Or, to give it its French title, 37˚2 le matin. (Which, presumably, should be 37.2˚ le matin. Sorry for being an English pedant.)

Which, apparently, is the normal body temperature for a pregnant woman in the morning.



So what’s it all about? Well, Betty, played by the enigmatic Béatrice Dalle, is as mad as a box of frogs. Why a box of frogs are mad, I have no idea. Perhaps it is because (understandably) they are cooped up in a box. Or maybe it is because the actual concept of frogs in a box is absurd. Why not kittens or dogs? Well, I imagine the former would be quite cute, rather than mad. In fact, I’ve probably seen a video of a box of kittens on YouTube. And a box of dogs would be impractical, as one would need a very large box. Perhaps a ginormous box of elephants would be a better simile? Except, somehow, it’s just not quite as funny as a box of frogs. Monkeys could work.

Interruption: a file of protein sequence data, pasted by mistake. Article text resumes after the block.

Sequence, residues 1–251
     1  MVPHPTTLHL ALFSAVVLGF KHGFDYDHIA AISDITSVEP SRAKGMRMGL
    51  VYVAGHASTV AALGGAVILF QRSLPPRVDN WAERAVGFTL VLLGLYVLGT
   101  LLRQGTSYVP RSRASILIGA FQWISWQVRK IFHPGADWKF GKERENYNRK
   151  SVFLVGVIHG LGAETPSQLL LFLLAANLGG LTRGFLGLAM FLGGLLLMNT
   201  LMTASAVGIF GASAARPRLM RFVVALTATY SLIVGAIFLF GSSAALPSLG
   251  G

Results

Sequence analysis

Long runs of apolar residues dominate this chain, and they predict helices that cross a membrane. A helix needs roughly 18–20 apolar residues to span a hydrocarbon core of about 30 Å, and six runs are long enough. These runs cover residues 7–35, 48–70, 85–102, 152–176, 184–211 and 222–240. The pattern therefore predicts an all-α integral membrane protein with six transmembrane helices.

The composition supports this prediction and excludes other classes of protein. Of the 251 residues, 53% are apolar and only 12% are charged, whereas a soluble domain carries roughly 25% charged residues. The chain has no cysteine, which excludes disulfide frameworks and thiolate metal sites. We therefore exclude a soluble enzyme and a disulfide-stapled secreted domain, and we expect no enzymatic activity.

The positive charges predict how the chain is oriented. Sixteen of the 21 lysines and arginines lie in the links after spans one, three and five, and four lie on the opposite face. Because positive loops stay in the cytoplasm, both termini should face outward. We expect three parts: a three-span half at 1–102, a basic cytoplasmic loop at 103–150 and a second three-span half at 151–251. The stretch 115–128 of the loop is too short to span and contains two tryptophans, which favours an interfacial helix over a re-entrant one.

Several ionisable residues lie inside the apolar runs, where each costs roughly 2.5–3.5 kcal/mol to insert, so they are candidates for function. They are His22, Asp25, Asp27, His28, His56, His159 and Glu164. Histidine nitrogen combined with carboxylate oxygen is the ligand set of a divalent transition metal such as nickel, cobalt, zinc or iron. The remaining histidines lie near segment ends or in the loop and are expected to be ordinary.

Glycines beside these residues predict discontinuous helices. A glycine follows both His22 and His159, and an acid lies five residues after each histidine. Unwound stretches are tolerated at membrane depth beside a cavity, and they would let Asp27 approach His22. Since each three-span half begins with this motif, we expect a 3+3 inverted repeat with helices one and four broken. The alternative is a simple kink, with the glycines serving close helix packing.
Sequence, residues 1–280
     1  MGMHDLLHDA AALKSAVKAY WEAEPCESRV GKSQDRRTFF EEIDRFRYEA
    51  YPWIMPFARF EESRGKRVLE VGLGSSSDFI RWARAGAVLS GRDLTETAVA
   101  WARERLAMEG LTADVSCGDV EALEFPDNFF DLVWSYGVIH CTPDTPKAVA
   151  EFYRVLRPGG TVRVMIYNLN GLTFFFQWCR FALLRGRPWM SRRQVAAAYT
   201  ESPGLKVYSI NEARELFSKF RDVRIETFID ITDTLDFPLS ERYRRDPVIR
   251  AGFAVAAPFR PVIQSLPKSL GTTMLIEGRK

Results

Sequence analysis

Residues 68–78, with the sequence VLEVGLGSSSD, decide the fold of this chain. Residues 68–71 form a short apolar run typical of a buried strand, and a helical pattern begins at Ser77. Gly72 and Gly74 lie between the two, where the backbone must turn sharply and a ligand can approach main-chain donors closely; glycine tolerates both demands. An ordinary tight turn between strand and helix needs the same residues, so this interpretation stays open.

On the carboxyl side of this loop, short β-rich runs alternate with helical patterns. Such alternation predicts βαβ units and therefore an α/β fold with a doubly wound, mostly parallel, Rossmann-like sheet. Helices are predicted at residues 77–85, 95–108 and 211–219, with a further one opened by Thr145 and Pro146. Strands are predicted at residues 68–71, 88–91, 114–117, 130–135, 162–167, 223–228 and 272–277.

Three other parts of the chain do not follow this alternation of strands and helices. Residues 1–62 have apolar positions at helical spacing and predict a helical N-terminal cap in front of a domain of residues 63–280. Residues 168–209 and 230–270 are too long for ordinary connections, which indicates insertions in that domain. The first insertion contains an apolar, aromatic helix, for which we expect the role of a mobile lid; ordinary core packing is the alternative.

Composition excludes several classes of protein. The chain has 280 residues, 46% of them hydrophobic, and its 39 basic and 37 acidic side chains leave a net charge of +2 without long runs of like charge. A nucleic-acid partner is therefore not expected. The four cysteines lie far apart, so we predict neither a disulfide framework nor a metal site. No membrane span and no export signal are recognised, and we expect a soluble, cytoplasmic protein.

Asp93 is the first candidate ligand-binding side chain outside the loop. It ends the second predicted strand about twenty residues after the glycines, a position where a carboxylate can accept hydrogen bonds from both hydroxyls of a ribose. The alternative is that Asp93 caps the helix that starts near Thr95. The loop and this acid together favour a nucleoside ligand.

Whatever the origins of the simile, it does little to rid mental illness of its stigma. So, for that, I apologise. (But, she is.)

Betty and Zorg are young lovers. Laid-back Zorg is perfectly played by Jean-Hughes Anglade. He works as a handyman for a beach shack owner and all is well when Betty first moves in with him. Until she finds his hidden manuscript and can’t understand why he doesn’t want more from life.

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She takes matters into her own hands, (after being sexually assaulted by the shack owner), and promptly burns down their house. The pair head off to Paris to stay with a friend where Betty types up Zorg’s ‘masterpiece’ and sends it to publishers. Zorg takes it on himself to hide his rejection letters so’s not to upset Betty. She eventually finds one and takes her revenge on the man who sent it.